VS – Side-Effects of Upgrading a Project’s .Net Framework Version

September 16, 2013

The other day I was playing around with two of my applications, checktsql and SMOscript, as I was considering to include the functionality of checktsql into SMOscript.

Now, up to the current versions, both applications have been developed using Visual Studio 2008 targeting .Net 2.0. (I prefer to keep requirements to a minimum). But now I thought it was time to migrated them to VS2010/3.5 (client framework), and came across a couple of unresolved mysteries.

Missing Exceptions in SqlCommand.Execute*()

The first mystery is that the behavior of the Execute* methods changed such that ExecuteNonQuery() and ExecuteReader() do not reliably raise exceptions any more if an error occurs in T-SQL.

Take the example

    CREATE TABLE #T (id int)    
    SELECT * FROM #T    

which checktsql tries to verify (with the SET FMTONLY ON option) like this


(Note that the transaction is actually created by SqlConnection.BeginTransaction(), but essentially it’s the same mechanism)

SSMS returns an error:

Msg 208, Level 16, State 0, Procedure TestTemp, Line 6
Invalid object name '#T'.

What I noticed after migrating the code to VS2010/.Net3.5 is that some (most?) stored procedures cause the error to be raised as an exception in .Net, and some do not. However, the behavior is consistent for each stored procedure.

Fortunately, I noticed the different behavior only when using the SET FMTONLY ON option, but still, there is a difference depending on which VS or framework version is used.

Teh internets did not really help me – I found a couple of discussions, but no documentation of the change, or how to get the original semantics back:

SMO dependency on System.Core

When I tried to debug (and understand) above issue, and reverted the application back to .Net 2.0, but still build with VS2010, I suddenly got the error message during build:

The primary reference “Microsoft.SqlServer.Smo, Version=, Culture=neutral, PublicKeyToken=89845dcd8080cc91, processorArchitecture=MSIL” could not be resolved because it has an indirect dependency on the framework assembly “System.Core, Version=, Culture=neutral, PublicKeyToken=b77a5c561934e089” which could not be resolved in the currently targeted framework. “.NETFramework,Version=v2.0”. To resolve this problem, either remove the reference “Microsoft.SqlServer.Smo, Version=, Culture=neutral, PublicKeyToken=89845dcd8080cc91, processorArchitecture=MSIL” or retarget your application to a framework version which contains “System.Core, Version=, Culture=neutral, PublicKeyToken=b77a5c561934e089”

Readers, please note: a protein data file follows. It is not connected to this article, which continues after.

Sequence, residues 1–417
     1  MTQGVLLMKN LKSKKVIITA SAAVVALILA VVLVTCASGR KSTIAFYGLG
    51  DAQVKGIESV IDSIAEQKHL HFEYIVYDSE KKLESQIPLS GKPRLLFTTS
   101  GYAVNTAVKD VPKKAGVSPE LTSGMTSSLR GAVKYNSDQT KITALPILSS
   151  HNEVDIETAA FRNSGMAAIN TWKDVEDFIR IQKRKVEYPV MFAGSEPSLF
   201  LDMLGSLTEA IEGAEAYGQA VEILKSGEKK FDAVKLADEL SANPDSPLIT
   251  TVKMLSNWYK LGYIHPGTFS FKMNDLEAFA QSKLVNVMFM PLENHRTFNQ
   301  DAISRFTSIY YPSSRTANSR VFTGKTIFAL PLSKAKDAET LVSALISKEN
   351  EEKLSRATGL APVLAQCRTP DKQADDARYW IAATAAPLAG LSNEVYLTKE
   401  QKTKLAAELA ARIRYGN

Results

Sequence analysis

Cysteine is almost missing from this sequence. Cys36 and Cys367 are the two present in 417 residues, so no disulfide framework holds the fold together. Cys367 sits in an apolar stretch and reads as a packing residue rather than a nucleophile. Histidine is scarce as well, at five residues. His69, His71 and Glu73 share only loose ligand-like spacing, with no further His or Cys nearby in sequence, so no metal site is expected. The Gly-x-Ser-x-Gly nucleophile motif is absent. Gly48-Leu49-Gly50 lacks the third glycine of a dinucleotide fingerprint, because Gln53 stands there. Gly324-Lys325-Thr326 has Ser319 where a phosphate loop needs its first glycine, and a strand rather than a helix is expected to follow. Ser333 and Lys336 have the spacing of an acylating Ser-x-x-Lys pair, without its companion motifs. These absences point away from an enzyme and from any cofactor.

There was nothing I could do to get VS2010 to the original behavior (i.e.: compile successfully) targeting .Net 2.0, even though the same assemblies were referenced both in the VS2008 and the VS2010 project.

This thread on MS connect shows the “amusing” dependency zigzag that SMO assemblies implement, switch dependencies even between minor releases:

Posted by Chris Dennis on 4/20/2011 at 10:19 AM
Installing SQL Server 2008R2 Cumulative Update 7 upgrades Microsoft.SqlServer.Management.SqlParser to 10.50.1777.0 which again depends on System.Core v3.5.
Posted by Chris Dennis on 3/25/2011 at 12:50 PM
Installing SQL Server 2008R2 Cumulative Update 6 upgrades Microsoft.SqlServer.Management.SqlParser to 10.50.1765.0 which does not depend on System.Core v3.5. Only version 10.50.1750.9 has a dependency on System.Core v3.5.
Posted by Microsoft on 3/25/2011 at 11:08 AM
Your assertion is correct the Microsoft.SqlServer.Management.SqlParser took a dependency on System.Core v3.5. Any projects which reference this assembly directly or indirectly need to be targeted to .NET Framework V3.5.
This is a nightmare!

Database Changes Done Right

March 12, 2012

I love reading The Daily WTF dealing with programmers’ stories, experiences, and the occasional code nightmare. While it’s fun to read, it also makes you aware of how easily you can mistakes yourself, especially in an unfamiliar programming language, even after years of programming experience.

A recent article was titled Database Changes Done Right, and I was surprised that it was not fun or horror story, but rather a serious article on database change management, along with a couple of rules to watch when implementing database schema changes (yes, those ugly dev – test – production stages).